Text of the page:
Chris was born in Odessa, Texas and was the son of a devout Christian family. His dad bought Chris his first gun at the age of 8 and taught Chris to hunt pheasant, quail and deer. Chris would soon find himself in the rodeo as a bronco rider until he severely injured his arm.
Chris decided to join the armed forces. He initially wanted to become a Marine. In talking to a Navy recruiter, Chris was told about the Navy SEALS program. Initially he was refused because of the arm injury he had received in the rodeo but was soon contacted about an opportunity to attend Basic Underwater Demolition school. He joined the US Navy in 1999.
Chris is recognized as the most skilled sniper in military history. He had 160 confirmed kills out of 255 claimed kills and served four tours in the Iraq conflict and awarded the 4th highest commendation for heroism, acts of merit and military service in a combat zone. Nicknamed the "Devil of Ramadi" by Iraqi insurgents, he was the recipient of the Bronze Star and numerous Silver Star medals. During his military career, Kyle was shot twice and involved in six IED attacks. His longest successful shot was from 2100 yards away having killed an insurgent with a rocket launcher. Because of Kyle's skill as a marksman, he had a $80000 bounty on his head by the enemy.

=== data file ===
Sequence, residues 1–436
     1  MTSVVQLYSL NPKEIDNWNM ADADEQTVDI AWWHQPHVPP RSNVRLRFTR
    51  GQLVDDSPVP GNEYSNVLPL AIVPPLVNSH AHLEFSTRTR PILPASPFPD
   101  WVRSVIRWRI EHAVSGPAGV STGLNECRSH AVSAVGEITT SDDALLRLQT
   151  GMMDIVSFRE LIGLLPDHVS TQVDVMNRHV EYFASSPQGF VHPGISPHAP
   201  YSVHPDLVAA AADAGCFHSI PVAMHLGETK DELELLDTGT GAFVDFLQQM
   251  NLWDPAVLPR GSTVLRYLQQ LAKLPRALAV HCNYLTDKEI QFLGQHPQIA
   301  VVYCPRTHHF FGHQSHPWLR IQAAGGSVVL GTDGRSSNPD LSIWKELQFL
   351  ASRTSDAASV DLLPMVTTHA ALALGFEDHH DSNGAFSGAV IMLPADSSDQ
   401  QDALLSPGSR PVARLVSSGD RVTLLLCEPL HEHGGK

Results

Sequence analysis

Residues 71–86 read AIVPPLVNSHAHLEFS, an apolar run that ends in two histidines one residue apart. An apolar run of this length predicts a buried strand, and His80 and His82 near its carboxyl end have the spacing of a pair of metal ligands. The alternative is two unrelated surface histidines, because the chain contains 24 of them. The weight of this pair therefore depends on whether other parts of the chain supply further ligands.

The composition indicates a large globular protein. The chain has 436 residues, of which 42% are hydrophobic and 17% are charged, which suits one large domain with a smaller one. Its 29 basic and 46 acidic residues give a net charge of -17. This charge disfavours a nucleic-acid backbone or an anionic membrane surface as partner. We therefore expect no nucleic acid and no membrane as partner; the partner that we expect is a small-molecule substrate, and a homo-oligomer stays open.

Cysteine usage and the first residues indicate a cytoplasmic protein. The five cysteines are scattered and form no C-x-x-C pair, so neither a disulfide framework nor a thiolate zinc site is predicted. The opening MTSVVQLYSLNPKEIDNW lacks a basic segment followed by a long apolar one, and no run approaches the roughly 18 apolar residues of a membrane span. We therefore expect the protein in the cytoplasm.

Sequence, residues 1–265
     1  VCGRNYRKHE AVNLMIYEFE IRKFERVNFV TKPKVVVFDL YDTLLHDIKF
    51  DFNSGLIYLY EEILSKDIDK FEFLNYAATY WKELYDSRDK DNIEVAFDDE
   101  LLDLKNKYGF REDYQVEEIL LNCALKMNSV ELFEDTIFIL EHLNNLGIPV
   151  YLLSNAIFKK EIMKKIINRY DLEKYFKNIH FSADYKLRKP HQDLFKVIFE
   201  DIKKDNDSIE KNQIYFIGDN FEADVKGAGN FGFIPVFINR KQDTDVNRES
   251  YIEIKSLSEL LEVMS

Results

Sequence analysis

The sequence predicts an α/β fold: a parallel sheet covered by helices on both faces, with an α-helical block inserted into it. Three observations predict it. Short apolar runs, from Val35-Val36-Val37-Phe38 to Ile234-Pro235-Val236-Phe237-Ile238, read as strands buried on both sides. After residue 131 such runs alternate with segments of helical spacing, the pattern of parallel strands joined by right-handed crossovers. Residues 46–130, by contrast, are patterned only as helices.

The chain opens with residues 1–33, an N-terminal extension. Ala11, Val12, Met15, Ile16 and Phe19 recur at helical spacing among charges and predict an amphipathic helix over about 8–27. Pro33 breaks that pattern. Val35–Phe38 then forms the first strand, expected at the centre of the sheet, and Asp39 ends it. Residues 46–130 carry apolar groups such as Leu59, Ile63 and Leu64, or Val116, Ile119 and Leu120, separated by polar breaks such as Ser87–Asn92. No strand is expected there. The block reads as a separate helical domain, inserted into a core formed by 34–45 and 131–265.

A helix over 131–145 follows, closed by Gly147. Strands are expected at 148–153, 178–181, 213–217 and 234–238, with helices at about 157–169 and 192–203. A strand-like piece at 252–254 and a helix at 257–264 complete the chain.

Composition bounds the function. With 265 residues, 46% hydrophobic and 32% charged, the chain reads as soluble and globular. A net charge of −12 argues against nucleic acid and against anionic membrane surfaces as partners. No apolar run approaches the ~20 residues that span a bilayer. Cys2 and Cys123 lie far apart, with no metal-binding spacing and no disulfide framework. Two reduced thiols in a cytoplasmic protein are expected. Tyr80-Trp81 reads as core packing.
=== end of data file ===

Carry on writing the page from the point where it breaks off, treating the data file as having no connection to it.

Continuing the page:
|Kyle's book and memorial program|
He left the US Navy in 2009 and returned to Midlothian, Texas with his wife and two children. He
wrote his life story in a book called "American Sniper with the money from the book going to the Heroes Project. It became a New York Times bestseller. He made several television appearances including the "Today Show" "Stars Earn Stripes" and the Bill O'Reilly.
On Feb. 2, 2013, Chris and a friend, Chad Littlefield were doing some shooting practice at a range in Rough Creek Ranch Resort in Erath County, Texas. The two friends were working with another soldier who suffered from post traumatic stress disorder. The other soldier, Eddie Ray Routh mortally shot both Kyle and Littlefield. Routh was later captured during a freeway chase.
|Honors as Texas State Cemetery|
|Memorial at Cowboy stadium|